When parents are learning about why their children may be struggling, it can reveal a lot about their own pasts and the insecurities that they are hanging onto.
According to a 2004 study, Meanings and Experience of Parental Intuition and Competence out of Florida State University, the power of intuition is something that is often overlooked in Western society.
The study states, “Understanding how intuition plays a role in parenting could potentially benefit the theories and practices of child rearing.”
The qualitative study found that parents thought intuition could be helpful to parenting but many couldn’t initially define what intuition meant to them. The study aimed to create more dialogue on intuition and allow people to see the value of intuition as “more commonplace” in society and parenting.
Savoia advocates for people to remove themselves from the negative and encourages people to work in the positive. This is something that Calgary mother Corine Blain has applied to her life, through working with Savoia. Blain says she has seen a change in her family dynamic as a result of positive thinking.
“What she does is simple, but powerful,” Blain says.
Blain has been using Savoia’s methods for nearly a year. She started taking the Integrity Code workshop and says it blossomed from there.
Blain says she was a ‘venter’ and someone who would always tell her story to whoever would listen. She says this would “fuel her fire and frustrations.”
Blain says she was trying to control things and was giving off a lot of negative energy to her family, which she now sees prevented her from communicating effectively.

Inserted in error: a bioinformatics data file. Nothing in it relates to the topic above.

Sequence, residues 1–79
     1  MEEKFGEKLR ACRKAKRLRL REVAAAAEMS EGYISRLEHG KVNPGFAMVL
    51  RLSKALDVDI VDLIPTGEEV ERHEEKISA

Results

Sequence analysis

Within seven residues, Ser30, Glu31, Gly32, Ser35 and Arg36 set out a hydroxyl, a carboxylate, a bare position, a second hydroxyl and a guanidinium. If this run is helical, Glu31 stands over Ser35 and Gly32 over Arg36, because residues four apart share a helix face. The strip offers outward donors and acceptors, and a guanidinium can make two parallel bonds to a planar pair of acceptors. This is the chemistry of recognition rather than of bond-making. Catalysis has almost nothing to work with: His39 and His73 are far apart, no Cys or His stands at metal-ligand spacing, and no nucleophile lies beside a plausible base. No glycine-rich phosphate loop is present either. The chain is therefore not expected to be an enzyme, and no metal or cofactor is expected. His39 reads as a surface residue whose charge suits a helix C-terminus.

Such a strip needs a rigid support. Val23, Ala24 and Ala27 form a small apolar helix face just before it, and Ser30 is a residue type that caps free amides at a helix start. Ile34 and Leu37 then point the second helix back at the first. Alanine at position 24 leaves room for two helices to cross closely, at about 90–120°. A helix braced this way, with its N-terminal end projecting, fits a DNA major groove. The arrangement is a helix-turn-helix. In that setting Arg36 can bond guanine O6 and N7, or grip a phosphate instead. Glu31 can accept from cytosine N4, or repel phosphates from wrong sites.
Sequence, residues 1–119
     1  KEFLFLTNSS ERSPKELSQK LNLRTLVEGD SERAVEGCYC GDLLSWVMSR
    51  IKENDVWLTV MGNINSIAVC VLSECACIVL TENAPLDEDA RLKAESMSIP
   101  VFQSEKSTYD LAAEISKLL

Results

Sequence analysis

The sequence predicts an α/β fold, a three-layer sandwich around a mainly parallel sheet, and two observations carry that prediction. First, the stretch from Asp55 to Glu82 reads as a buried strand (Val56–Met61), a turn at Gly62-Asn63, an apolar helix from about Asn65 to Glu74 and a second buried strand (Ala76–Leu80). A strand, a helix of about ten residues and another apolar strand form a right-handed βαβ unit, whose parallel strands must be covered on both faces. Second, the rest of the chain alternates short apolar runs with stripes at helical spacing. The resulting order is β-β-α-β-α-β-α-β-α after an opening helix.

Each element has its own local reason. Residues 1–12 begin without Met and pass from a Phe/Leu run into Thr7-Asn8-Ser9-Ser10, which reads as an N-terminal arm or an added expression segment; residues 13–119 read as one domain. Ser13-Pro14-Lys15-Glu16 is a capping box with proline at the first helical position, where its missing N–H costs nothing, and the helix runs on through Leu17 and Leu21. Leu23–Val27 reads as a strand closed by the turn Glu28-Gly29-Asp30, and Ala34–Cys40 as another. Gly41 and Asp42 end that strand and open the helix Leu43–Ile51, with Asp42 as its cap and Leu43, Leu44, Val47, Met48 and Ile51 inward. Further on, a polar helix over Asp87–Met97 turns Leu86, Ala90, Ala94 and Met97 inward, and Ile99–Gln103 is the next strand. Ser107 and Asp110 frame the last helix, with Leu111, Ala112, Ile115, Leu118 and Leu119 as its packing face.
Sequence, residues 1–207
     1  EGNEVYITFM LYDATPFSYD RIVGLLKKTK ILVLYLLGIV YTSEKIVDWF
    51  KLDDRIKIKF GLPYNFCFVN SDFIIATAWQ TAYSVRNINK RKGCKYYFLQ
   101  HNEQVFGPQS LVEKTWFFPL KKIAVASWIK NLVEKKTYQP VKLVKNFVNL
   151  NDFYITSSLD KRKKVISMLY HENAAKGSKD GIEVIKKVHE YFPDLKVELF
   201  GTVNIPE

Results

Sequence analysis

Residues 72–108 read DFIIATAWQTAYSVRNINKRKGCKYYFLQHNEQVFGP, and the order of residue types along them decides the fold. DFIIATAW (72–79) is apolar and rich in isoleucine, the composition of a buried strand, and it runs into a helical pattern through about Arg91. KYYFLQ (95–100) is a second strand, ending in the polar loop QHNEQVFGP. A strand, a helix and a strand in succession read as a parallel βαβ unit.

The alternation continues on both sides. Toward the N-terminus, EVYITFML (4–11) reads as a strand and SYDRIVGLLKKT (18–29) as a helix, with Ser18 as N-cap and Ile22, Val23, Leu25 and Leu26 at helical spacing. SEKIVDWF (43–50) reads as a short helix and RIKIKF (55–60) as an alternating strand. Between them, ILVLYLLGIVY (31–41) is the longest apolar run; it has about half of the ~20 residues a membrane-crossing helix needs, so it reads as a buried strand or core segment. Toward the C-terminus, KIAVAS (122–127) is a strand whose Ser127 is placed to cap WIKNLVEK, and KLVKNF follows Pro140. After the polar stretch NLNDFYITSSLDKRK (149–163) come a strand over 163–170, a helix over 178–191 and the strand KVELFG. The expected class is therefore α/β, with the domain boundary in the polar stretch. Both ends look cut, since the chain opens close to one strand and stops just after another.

Others defining intuition
Rosanna Sardella is a registered hypnotherapist, certified transformational life coach and intuitive healer. She created the Emerge Centre for Inner Healing in Calgary.
Sardella coaches people to tap into their intuition, and says, “Everybody has intuition. We are all born with this channel.” She believes that “everything we are seeking lies in our intuition.”
She refers to intuition as “inner wisdom.”
Sardella says people should think about intuition like an antenna.
“In order to receive the station, where you want to go, you need that antennae to receive that information. Intuition is the internal antenna to give and receive information.”
Sardella says she was always sensitive as a child and always sought to find her purpose. She now helps others through her five-step programs to become empowered, listen to their own intuitions and find their purpose.
Like Sardella, Savoia hopes that her programs help fellow parents to find “inner peace and calm.”
“I have a passion for making an impact on today’s children so that they never have to grow to ‘recover’ themselves,” she says.
“We have a lot of past conditioning that has led us away from knowing who we are and trusting our intuition, and because of this as adults we come to a place of needing to ‘recover’ who we are.”